“It really comes down to insurers realizing the true ROI on photo authenticity. The cost to implement a solution to analyze the validity of photos can pay for itself many times over with one or two claims,” said Bray.
Whether solutions to combat deepfakes and synthetic media are embraced, the past couple of years have shown that touchless claims (and underwriting) transactions are here to stay, and how digital media can be compromised has become more elaborate. As a result, proactively taking steps to implement automated fraud prevention technology is quickly becoming an important consideration for protecting the business metrics that matter most.
As Lewis concisely points out, “Running anti-virus on incoming attachments is non-negotiable. Shouldn’t the same apply to running counter-fraud checks on every image and document?”
The risk of not adopting counter-fraud may be significant. As Drabik points out, “Ultimately, this will drive up the price of insurance for everyone, including the majority of people and families that don’t commit fraud.”
So what will it take to make insurers accelerate their media fraud prevention plans? “In reality, there will be some major success by organizations and individuals in defrauding insurance firms in the future,” said Pelz-Sharpe. “Unfortunately, it will likely take a major case to come to light and gain some embarrassing headlines before firms take action to mitigate the risk.”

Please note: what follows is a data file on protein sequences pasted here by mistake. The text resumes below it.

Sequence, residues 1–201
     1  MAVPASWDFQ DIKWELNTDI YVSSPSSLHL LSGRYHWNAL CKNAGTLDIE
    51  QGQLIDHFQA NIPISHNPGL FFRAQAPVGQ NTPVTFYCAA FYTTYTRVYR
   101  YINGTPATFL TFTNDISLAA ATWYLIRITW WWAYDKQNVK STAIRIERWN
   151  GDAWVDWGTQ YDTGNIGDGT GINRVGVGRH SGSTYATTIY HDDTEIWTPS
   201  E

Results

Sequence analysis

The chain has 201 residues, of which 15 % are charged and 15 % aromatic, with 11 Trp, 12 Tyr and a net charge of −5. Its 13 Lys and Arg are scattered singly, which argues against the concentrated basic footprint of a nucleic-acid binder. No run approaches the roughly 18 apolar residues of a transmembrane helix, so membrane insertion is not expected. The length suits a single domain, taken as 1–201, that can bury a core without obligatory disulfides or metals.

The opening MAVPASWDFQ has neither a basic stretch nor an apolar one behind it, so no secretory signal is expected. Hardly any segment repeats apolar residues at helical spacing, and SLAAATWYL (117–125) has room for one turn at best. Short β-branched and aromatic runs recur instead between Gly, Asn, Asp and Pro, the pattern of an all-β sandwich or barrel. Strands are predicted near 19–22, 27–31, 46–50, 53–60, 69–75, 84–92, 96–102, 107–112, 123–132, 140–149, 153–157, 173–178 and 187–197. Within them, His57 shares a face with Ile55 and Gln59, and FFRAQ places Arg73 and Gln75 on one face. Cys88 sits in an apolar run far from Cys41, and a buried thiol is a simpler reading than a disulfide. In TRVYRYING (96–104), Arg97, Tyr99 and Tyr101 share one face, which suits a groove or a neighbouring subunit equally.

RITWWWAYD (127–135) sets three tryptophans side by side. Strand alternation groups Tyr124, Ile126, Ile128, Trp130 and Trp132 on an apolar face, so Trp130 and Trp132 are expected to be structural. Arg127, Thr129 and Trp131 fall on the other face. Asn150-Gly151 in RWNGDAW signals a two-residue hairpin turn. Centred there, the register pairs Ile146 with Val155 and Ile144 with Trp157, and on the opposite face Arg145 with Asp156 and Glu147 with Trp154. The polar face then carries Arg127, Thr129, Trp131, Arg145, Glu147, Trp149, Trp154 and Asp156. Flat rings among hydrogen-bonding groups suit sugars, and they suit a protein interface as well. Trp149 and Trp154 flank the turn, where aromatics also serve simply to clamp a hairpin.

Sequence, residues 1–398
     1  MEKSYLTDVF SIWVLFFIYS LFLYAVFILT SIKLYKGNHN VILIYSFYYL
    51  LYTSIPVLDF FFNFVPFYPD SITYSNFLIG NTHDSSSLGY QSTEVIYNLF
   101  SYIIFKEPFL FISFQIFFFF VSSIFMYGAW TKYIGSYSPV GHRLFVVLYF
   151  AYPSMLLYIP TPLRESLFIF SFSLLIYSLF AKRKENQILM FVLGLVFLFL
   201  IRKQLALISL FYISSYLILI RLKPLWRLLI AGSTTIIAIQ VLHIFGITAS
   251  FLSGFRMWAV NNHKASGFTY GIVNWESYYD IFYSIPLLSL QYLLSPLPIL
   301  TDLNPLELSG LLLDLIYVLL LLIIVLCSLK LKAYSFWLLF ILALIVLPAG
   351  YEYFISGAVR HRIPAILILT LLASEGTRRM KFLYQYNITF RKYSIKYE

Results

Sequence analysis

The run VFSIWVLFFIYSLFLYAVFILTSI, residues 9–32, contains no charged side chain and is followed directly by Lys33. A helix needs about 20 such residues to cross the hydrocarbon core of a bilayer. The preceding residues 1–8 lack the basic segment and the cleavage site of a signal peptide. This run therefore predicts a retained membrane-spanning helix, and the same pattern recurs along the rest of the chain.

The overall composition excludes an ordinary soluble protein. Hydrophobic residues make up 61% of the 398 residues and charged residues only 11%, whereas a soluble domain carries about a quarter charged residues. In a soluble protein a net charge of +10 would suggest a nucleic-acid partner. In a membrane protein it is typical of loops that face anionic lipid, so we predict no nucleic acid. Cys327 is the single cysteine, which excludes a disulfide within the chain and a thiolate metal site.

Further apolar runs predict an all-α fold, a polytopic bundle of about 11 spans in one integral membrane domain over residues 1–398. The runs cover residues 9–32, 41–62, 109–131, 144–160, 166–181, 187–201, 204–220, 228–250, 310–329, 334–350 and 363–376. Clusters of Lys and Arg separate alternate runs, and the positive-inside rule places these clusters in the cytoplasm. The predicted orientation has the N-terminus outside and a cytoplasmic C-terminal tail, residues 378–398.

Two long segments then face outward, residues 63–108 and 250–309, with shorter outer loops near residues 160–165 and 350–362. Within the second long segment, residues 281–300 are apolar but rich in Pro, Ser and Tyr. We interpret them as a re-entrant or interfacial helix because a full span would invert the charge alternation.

Ultimately, it is hard to speculate about the adoption of deepfakes, synthetic media and associated countermeasures in industries such as insurance and whether fraudsters will see the technology as an opportunity to victimize companies who have not taken measures. What is certain is that the next few years will become a clear indicator of whether those organizations taking proactive measures today have invested wisely.
Taken from https://www.propertycasualty360.com/2022/05/03/how-deepfakes-threaten-insurance-claims-automation/?kw=How%20deepfakes%20threaten%20insurance%20claims%20automation&utm_campaign=claimsconnection&utm_content=20220504&utm_medium=enl&utm_source=email&utm_term=pc360